Yesterday Klout announced that they have rolled out a better algorithm. The official announcement on their corporate blog had a typical marketing/spin message, it read “A More Accurate, Transparent Klout Score”.
Those of you who have read my previous blog posts on Klout’s credibility and flaws will probably recall that one of the main issues I had raised about Klout was actually to do with transparency. Now before we go into further detail, I believe it is appropriate for me to bring something to your attention:
Klout & Transparency:
In a rather amusing way the official announcement states “a majority of users will see their Scores stay the same or go up but some users will see a drop.” That statement is similar to what you will hear from a fortune teller. To simplifiy the statement, Klout is basically saying, “hey we have made some improvements, some people’s Klout score will increase and some people’s Klout score will decrease”. I find that hilarious really, because that is a general statement. Of course score will fluctuate when you change things! What has that got to do with transparency?
If Klout actually gave us some examples showing where they had gone wrong before and what the new algorithm has done to make a positive impact then that would have been transparent. What we have now is a blog post with a nice marketing message but no sign of transparency!
I must however highlight one thing, Joe Fernandez did respond to my previous blog post and I admire him for that. But at the time when I raised some points he didn’t acknowledge them and instead tried to justify Klout’s flaws. Now that the new algorithm has been rolled out everyone is witnessing huge fluctuations, so, was I right about Klout being flawed or was Joe’s justifications correct?
Meet Neville Hobson and Mazi:
Neville and Mazi are two highly influential individuals in the social media circles, they know what they are talking about and are highly regarded. They actively create and share insightful content with their followers and readers – based on Klout’s own tips they should have high Klout scores because they do exactly what is required!
Neville’s Klout score was 74 before the latest update and Mazi’s score was 78 but with the latest update here is what they got:
Yes mere 56 and 55 basically 3 and 4 points different than mine – pretty insane, I tell you!
Here is what Neville said about Klout:
“…trust in Klout is taking a huge beating right now.”
Big hat, no cattle – Klout Monopoly:
Klout’s marketing strategy is to prematurely establish themselves as the only authentic providers of social ratings. To my despair, all the media outlets such as WSJ, CNN, Bloomberg, Silicon, Forbes are not analysing Klout objectively. Instead they just dance to Klout’s marketing tune without actually looking past the smokescreen of public relations. With all this coverage Klout seems to have set its eyes on establishing itself as a monopoly in the social ratings market by over speeding ahead of proving its credibility and true accuracy.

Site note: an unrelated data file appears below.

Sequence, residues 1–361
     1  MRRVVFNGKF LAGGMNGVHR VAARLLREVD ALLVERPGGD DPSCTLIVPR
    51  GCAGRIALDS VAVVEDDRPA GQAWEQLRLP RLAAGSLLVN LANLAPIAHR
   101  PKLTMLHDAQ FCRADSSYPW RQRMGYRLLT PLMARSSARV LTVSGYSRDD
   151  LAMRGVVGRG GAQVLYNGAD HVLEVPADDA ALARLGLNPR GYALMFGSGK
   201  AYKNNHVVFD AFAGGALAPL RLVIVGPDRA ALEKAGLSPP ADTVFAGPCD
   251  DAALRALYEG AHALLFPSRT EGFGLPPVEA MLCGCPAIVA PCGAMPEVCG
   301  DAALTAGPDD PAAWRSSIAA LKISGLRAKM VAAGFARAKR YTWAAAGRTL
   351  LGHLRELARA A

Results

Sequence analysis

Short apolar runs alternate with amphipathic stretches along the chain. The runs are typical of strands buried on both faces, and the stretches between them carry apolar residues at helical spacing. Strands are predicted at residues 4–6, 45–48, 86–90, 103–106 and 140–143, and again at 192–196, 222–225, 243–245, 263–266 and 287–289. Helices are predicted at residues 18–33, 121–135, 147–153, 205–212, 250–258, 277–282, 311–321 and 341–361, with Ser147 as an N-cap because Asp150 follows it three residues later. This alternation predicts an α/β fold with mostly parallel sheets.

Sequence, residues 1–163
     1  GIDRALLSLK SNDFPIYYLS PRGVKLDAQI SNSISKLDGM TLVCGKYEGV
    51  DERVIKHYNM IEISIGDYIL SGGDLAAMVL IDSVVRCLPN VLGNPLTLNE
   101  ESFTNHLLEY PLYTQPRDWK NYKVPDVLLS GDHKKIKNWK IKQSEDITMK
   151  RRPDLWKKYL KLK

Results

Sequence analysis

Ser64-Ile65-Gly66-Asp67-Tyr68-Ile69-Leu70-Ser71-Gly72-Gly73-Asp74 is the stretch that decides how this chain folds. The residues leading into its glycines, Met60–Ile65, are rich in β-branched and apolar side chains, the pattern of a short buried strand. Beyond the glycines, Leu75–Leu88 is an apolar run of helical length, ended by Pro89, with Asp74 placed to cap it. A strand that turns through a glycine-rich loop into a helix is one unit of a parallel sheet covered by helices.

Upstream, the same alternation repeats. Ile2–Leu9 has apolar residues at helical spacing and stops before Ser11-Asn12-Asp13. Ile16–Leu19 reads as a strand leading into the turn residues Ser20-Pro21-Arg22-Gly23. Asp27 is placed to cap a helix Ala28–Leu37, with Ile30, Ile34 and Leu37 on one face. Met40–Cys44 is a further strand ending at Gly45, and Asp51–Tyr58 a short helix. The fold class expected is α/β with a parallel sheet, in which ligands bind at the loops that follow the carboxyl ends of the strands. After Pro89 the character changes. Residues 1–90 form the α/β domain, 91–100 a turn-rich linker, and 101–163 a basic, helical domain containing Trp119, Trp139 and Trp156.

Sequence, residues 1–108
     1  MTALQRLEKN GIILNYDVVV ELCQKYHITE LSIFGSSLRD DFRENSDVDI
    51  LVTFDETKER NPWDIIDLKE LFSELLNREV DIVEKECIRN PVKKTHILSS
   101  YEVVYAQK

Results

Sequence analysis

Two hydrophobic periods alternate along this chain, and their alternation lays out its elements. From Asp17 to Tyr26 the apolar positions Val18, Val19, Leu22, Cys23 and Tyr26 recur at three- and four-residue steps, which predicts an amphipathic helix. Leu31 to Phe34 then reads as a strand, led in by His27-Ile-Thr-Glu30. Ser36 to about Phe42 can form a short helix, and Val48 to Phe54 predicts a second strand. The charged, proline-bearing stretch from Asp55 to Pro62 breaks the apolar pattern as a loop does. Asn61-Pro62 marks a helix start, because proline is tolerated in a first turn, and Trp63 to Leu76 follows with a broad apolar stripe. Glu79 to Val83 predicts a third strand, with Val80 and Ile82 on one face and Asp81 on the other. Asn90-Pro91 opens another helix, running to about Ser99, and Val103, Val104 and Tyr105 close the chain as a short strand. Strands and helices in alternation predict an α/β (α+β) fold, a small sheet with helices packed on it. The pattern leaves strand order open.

Now personally I don’t have any problem with accidental monopolies, these are basically companies that turn into monopolies based on their merit or strong USPs. But in Klout’s case they are trying to monopolize the social ratings market with a flawed algorithm.
You don’t have to go for to see the results of monopolies in the ratings market, just look at how S&P and Moody’s flawed credit ratings cost the world trillions of dollars when they wrongly rated financial investments a few years back. Now you might say that is an extreme example and that social rating is no where near as important or controversial as credit rating, right? Well, look at it this way. The social media industry is in its infancy, most devices that we use on daily basis have some level of integration with social media platforms therefore if flawed social ratings are not a big deal now, it doesn’t mean that they wouldn’t affect you in some way or other in years to come.
Klout should stop marketing itself so aggressively particularly when it is very apparent to them and everyone else that their way of measuring influence is flawed. The latest announcement may have got them featured on big new sources but if you look at the reaction on Twitter and other social networks, you can tell it has back fired. If Klout continues to behave the way it has so far it is highly unlikely that it will stand the test of time and researchers.
Tonia Ries has found a bigger issue with Klout. She writes: “When I logged into my Klout page this morning, I was very surprised to see that Klout now lists my son as one of the people I influence. Anyone who is a parent of a young adult will know that nothing is more unlikely. And, knowing that my son is not on Twitter, and has always been very careful about managing his privacy on the Internet, how did Klout get the information to create a profile on my son???”
Taking their algorithm issues, their marketing strategy and the privacy issue raised by Tonia Ries into account, Klout is going experience a slow and painful death.
…..at least this time the 1% won?